It’s been a while since we have heard about using Machine Learning to boost the recruitment process. At first, this seems to be a great application of Machine Learning or AI in general, but then, some questions arise. The fact is, if being used recklessly, Intelligent systems will not only bias our perception but also wreck our data, which in turn distorts the accuracy of future predictions.
Let’s say we own a big company with a load of job vacancies and a huge number of applicants for these positions. As browsing through all the CVs will take a lot of time and effort, we decide to make a predictive model to short-list those candidates. We train our model on the data of our current staff’s qualifications to recognize the common characteristics of the ones who have successfully passed our interviews and gotten into the firm. Then, this model rates the applicants and outputs the 20 most suitable candidates out of the original 1000. Finally, we invite those 20 to come for an interview and then take in the best 5.
Everything is still fine up to this point. However, 3 months later, we again have some open positions and call for new-comers. As the number of candidates is giant, we demand the help of our predictive model. We re-train the model to have it more up-to-date and be ready for its usual job: scanning CVs. This is where the problem emerges. Our training data, this time, contains 5 new samples, and these 5 are biased samples. They are biased because the 5 rookies are chosen from the 20 candidates that our old model favored. This is how our old model damaged the data that is used to train the new model, making the new model being affected by what the old model prefers.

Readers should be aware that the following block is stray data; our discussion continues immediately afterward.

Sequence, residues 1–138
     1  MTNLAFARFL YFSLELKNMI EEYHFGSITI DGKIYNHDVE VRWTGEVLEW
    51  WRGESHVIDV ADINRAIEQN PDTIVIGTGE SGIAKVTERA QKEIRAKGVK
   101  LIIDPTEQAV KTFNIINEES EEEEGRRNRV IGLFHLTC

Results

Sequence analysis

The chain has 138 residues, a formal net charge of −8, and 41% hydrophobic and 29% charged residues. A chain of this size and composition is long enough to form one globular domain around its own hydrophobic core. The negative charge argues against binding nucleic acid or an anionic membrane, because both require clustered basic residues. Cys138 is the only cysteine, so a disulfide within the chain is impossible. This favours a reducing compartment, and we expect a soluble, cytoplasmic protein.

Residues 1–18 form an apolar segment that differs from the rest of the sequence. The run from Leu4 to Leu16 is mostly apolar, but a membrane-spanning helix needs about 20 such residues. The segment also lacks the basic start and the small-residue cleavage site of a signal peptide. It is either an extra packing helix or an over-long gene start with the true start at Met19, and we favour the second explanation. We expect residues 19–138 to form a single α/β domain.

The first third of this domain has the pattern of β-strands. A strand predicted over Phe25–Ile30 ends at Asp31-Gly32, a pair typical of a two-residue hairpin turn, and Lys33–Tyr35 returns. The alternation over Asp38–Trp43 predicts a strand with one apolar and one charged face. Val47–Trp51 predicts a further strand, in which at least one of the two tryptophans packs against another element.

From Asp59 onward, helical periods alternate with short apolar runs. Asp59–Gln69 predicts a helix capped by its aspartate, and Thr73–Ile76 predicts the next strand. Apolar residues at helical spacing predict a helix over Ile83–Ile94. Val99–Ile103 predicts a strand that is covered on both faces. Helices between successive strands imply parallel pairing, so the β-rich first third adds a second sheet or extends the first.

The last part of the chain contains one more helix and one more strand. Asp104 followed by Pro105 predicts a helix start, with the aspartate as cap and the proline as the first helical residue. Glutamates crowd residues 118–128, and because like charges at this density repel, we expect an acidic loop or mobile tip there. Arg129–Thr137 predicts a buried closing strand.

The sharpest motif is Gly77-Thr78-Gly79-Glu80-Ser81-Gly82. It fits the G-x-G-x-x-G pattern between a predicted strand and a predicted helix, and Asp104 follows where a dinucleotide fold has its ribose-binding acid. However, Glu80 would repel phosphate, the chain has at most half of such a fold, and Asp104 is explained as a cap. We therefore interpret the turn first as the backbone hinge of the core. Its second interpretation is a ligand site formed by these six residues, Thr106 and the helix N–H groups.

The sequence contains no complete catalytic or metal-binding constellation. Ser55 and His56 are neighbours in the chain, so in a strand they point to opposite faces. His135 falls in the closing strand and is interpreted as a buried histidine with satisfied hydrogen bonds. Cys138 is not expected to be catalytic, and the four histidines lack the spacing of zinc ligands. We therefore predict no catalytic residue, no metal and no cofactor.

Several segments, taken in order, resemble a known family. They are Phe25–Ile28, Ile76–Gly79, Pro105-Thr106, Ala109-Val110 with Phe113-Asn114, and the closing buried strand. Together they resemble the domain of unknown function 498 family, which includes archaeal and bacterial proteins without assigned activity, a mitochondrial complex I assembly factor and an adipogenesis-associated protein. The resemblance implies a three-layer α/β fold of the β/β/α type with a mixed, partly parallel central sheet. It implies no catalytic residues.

Imagine, for instance, that our old model, after carefully analyzing, realized that having a degree in the USA and being white are the best indicators of a good employee while having a degree in Asia and being black are very bad traits. The list of 20 best candidates that it outputted, thus, contains all white guys and/or who graduated from a university in the USA, while the black ones and the ones from Asia are completely ignored. Consequently, our 5 rookies, which is a subset of this list of 20, are all white and/or from the USA. As they are added to our data for training the new model, the traits of being white and having a degree in the USA are further maintained, making the new model favor these two indicators even more. The black and Asian guys can never get through this CV-scanning phase no matter how good they are, just because there was no one with these traits in the company when the first model was built.
The above is an example of how intelligent systems can ruin our work if we do not pay enough attention to how they work. To prevent something like this from happening, we need to be more careful about the input and output of our models, how our models process the input and produce the output, the evaluation metrics and most importantly, the effects and side-effects that the models can make.